What Does Nestle’s Purchase of Blue Bottle Coffee Roasters Mean for the Specialty Coffee Movement?

Blue Bottle Coffee’s History

Blue Bottle Coffee is a pioneer in specialty coffee. The company’s story is a great entrepreneur success story. James Freeman, a coffee fanatic, home roaster, and freelance musician founded the company in the early 2000s. He started the company  in a tiny potting shed in Oakland, California. And before long James and his company started redefining the American coffee industry.

Blue Bottle Coffee’s approach to source excellent coffee and only sell it at peak freshness, within 48 hours of roasting, was a stark contrast to the stale or over-roasted mainstream coffees of the era. The company has focused on the customer experience in it’s coffee shops.  Walking into a Blue Bottle coffee shop is similar to the experience of an Apple store. This approach has been remarkably successful, allowing Blue Bottle Coffee to drive the specialty coffee industry forward and open numerous coffee cafes in the Bay Area, New York, Los Angeles, Washington DC, and Tokyo.

The Blue Bottle and Nestle Deal

However, Blue Bottle’s days as an independent coffee company have come to an end. The company recently announced that Nestle, the Swiss food giant, is acquiring a 68% ownership stake. Nestle will reportedly pay $500 million for it’s 68% stake in a deal that values Blue Bottle Coffee at $700 million. Mr. Freeman and the folks behind Blue Bottle have repeatedly reassured that this deal will not change the company. Yet, to me this seems a bit naive. When you give up nearly 70% of your company something is going to change!

Some of Blue Bottle’s loyal customers have responded to this news with anger and threatened to boycott the brand. I believe this type of response is inventible when a beloved and innovative company agrees to a buyout. However, it doesn’t help that many people already despise Nestle because of their aggressive and questionable water bottling practices. Only time will tell if this is only a reactionary response from upset customers or if this backlash causes long term damage to the Blue Bottle brand.

Impact on the Specialty Coffee Industry

What does this deal mean for the specialty coffee movement as a whole?

I believe this acquisition provides a glimpse into the future of specialty coffee. Nestle is making a big bet, $500 million to be exact, that quality, specialty coffee is here to stay and will be a part of their business that they can grow and make money on in the future. You can bet that Nestle did their research before paying this kind of money. I see this as a huge vote of confidence for the future of the specialty coffee industry.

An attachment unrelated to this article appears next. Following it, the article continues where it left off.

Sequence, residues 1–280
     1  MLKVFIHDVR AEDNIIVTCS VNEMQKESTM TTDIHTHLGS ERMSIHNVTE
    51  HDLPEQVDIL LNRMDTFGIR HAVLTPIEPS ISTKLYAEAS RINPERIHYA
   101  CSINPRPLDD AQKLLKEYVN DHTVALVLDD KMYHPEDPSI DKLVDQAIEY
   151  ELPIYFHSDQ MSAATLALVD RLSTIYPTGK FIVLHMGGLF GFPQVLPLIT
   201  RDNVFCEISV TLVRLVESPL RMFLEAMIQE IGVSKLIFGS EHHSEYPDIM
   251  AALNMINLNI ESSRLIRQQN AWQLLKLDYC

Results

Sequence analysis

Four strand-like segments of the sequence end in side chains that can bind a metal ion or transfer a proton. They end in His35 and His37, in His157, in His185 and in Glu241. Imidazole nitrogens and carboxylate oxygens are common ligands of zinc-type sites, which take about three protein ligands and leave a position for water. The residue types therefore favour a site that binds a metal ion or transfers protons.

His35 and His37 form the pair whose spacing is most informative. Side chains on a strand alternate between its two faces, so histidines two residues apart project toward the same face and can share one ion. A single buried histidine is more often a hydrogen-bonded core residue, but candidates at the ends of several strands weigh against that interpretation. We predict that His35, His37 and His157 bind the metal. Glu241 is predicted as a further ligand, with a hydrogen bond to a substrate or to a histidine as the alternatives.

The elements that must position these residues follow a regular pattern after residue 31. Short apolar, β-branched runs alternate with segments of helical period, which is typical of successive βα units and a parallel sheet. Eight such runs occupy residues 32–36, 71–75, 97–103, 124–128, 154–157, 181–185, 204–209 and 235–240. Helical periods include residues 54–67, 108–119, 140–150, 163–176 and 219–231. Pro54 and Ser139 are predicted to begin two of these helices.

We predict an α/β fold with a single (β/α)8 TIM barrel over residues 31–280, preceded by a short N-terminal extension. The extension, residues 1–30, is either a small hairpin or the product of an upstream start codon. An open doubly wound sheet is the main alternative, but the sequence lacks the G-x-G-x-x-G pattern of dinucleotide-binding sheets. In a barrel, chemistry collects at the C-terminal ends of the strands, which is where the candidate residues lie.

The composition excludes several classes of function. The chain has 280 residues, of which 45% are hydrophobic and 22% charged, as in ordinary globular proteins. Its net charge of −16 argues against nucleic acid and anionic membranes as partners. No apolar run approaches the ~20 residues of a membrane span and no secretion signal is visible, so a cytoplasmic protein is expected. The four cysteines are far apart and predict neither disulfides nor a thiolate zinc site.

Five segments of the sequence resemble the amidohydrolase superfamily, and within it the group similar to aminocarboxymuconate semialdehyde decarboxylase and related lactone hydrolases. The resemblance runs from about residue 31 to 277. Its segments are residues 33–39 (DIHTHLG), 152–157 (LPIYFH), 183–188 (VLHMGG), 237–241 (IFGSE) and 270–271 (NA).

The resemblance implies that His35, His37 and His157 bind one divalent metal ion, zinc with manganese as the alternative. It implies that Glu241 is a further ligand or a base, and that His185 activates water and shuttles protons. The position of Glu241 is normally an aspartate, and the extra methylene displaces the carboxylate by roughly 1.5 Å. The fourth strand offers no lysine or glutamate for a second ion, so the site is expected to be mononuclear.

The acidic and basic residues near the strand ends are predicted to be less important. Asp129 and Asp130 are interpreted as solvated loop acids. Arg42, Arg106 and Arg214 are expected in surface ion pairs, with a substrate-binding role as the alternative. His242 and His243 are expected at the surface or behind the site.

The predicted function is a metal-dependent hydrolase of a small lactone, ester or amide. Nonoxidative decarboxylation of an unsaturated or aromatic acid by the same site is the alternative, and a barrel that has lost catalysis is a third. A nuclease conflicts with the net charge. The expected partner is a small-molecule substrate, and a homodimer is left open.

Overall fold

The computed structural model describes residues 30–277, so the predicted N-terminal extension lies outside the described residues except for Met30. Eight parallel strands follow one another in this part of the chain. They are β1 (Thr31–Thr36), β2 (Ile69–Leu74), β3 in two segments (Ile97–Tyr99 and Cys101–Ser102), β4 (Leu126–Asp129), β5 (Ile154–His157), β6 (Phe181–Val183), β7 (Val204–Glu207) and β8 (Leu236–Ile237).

This is not the first acquisition in the craft coffee world. JAB Holding Company, a private company based out of Luxembourg, has quietly built a coffee empire. They have acquired mainstream coffee and breakfast companies like Peet’s Coffee, Caribou Coffee, Keurig Green Mountain, and Panera Bread as well as specialty coffee companies Intelligentsia Coffee and Tea from Chicago and Stumptown Coffee Roasters out of Portland, Oregon. And we can be sure that this is not the last deal that will happen in this space.

Consolidation in Specialty Coffee and Craft Beer

In many respects the specialty coffee industry in American mirrors the craft beer industry. Specialty or craft small breweries innovate, pushing the industry forward and gain a regional, cult-like customer base. Their success draws the attention of the large corporate beer producers with lots of money, who expand their product line buy purchasing several of these craft breweries. This has recently happened with Anheuser-Busch (makers of Budweiser) purchasing Wicked Weed Brewing from North Carolina and Constellation Brands (producers of Corona) acquiring cult-favorite Funky Buddha Brewery from Florida. Like the recent Blue Bottle Coffee deal, these craft beer acquisitions caused similar backlash and boycott threats.

My prediction is that we will continue to see consolidation in both the beer and coffee industries. Look for companies like JAB Holdings and Nestle to continue their buying spree. I would not be surprised to see other coffee behemoths like Starbucks and Dunkin’ Donuts make similar acquisitions. And if you think anything is safe from being bought by Amazon I have two words for you: Whole Foods.

A Bright Future Even With Buyouts

All is not lost if you hate all of this talk of big companies buying out the little guys though. For every action there is always a reaction. Some of Blue Bottle’s upset customers will never go back. Likewise, some customers in Portland, Oregon will choose from a variety of independent coffee roasters before setting foot in a Stumptown Coffee location. There will likely be many more corporate buyouts in the specialty coffee space in the future. But this will create an opening and opportunity for new independent specialty coffee roasters and shops to rise from the ashes, provide a new and unique experience to customers, and to continue to push the industry forward.

I believe specialty coffee has a very bright future. Stumptown Coffee didn’t stop producing amazing quality coffee in 2015 when it was bought out. Similarly, Blue Bottle Coffee with continue doing what it does best, providing customers an amazing experience with quality coffee. Nestle’s distribution and financial muscles will help the company expand to serve new customers and cities. The customers who now feel betrayed by Blue Bottle Coffee will find another independent coffee company to provide them with their caffeine fix. And new coffee startup companies will arise, innovate, and continue to push the industry forward just like Blue Bottle Coffee once did.

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